“By dictionary definition, the church does discriminate when it comes to adoptions– not just against gays but also against single people.

“They only let married couples adopt. Even if the laws change, the church won’t.

” ‘We cannot,’ Fryar said. ‘It goes against our faith.’ “

Catholics who oppose the civil unions law are trying to get a “conscience clause,  which is explained by 9News.com’s  report:

“Last year’s bill contained the words: ‘This article shall not be interpreted to require a child placement agency to place a child for adoption with a couple that has entered into a civil union.’

“Supporters of civil unions begrudgingly included the clause last year, hoping it would help get the bill through the GOP-controlled House. Now that Democrats are in control, they are less inclined to accommodate religious organizations who opposed civil unions when the bill did have the clause.”

Putting the politics aside, it is amazing that Msgr. Fryar would say that adoption policy “goes against our faith.”  This is not a faith issue. Our faith does not say anything about what an ideal family would be for a particular child.  One need only look at Scripture, Catholic history, and the lives of the saints to know that there are many models of families and forms of childcare other than relying on a heterosexual standard.  Furthermore, the children and the parents involved may not necessarily be Catholic.

A Colorado lawmaker commented on the adoption controversy by making reference to segregation laws:

” ‘It sounds like, “we have our water fountains, and there are other water fountains for you,” ‘ Sen. Jessie Ulibarri (D-Commerce City) said.”

–Francis DeBernardo, New Ways Ministry


QUOTE TO NOTE: ‘Nobody Should Judge’

June 4, 2012

In a follow-up to President Barack Obama’s historic announcement in support of marriage equality, an Associated Press reporter, Jeri Clausing, wrote the article “Shift on marriage energizes immigration activists,” to show how this development would impact on Hispanic support for Obama in the November election.  One response worth quoting came from said Sister “Molly” Maria Luisa Munoz, a Denver Catholic nun in Denver who works with immigrants and the gay/lesbian people:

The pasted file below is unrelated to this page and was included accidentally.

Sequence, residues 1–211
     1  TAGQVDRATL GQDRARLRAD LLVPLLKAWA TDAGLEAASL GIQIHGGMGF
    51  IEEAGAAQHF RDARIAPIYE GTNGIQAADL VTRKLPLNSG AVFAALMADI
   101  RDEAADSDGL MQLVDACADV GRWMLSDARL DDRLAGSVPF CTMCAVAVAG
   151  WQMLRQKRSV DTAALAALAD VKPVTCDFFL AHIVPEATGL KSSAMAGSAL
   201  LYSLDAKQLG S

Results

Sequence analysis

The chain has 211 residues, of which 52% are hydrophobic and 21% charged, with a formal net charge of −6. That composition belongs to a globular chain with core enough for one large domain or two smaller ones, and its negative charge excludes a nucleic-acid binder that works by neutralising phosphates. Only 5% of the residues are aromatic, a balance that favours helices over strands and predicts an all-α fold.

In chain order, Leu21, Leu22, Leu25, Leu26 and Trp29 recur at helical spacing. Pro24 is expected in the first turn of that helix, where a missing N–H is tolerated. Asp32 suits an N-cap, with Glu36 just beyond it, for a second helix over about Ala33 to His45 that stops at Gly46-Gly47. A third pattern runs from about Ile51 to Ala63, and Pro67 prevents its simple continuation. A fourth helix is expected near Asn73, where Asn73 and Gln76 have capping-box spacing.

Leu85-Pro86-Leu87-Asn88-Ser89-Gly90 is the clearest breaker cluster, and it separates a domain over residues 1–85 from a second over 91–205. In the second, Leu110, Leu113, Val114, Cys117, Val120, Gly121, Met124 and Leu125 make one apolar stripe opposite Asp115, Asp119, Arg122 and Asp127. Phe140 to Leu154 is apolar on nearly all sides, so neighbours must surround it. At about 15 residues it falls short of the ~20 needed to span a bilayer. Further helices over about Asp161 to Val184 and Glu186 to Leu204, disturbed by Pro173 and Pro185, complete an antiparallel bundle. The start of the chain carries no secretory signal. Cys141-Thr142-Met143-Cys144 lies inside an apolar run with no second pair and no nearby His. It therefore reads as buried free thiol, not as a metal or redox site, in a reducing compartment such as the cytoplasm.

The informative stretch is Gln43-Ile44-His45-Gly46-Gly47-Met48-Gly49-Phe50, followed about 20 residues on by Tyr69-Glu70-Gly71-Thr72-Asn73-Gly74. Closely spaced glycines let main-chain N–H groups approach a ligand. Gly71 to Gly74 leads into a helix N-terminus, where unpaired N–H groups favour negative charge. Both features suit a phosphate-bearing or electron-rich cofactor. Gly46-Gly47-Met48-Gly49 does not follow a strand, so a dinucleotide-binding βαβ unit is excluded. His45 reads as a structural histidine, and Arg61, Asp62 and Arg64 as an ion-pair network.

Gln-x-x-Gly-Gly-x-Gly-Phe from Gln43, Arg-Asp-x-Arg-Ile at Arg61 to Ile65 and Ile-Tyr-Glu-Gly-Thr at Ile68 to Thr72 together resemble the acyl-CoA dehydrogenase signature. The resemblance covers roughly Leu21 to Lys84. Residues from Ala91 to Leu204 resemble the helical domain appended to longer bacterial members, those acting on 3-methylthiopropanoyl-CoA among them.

“No, no, no, no, no. It’s not going to affect my vote. My mother straightened us out right away. God made everybody. How we came out? That’s God’s creation. Nobody should judge.”

–Francis DeBernardo, New Ways Ministry


Postcards from the Edge

January 12, 2012

To oppose their state’s proposed civil unions legislation, the Colorado Catholic Conference is sponsoring a postcard campaign. The project, which is supported by the Knights of Columbus, asks Catholic lay people to send postcards to state legislators that contain the message:  “Protect traditional marriage. Vote ‘no’ on civil union legislation.”

Yesterday, Bishop James Conley, apostolic administrator of the Denver Archdiocese, released a long statement in opposition to the  legislation in Colorado.  While there is nothing new in the way he argues against the legislation, a curious paragraph appears towards the end of the statement:

“We do not know the long-term consequences of creating a parallel for marriage, distinct from its ancient and natural meaning.  But we do know they will be severe.  It’s already clear that some view civil unions as a stepping-stone to endorsing polygamous relationships.  Furthermore, civil unions allow for adoption of children by same-sex couples, and infringe on religious liberties for many groups.  There will likely be further consequences.  Redefining marriage means that government will try to redefine truth.”

The first two sentences violate simple and clear logic.  How can a person simultaneously not know something yet know that the “something” will be severe?  If the consequences are unknowable, as stated in the first sentence, that implies the possibility that they might be minor or non-existent.

The third sentence also would  not pass muster in a basic college composition course.  Who are the “some” who see civil unions leading to polygamy?  And why do they think that way?  What is their evidence?   In fact, what is happening in that sentence is known as a “slippery slope” fallacy, claiming, with no real evidence that adopting one idea will lead to other less favorable ideas.

The claim in the next sentence that civil unions will infringe on religious liberties is similarly unfounded.  The religious liberty argument is a red herring designed, like the slippery slope strategy, to instill fear.

The final two sentences are so vague as to be meaningless.  What, specifically, will the “further consequences” be?  How can a government redefine truth?  And hasn’t marriage constantly been redefined every time a law about the institution has been changed?

What is the bishop trying to say and why doesn’t he say it plainly and clearly?

–Francis DeBernardo, New Ways Ministry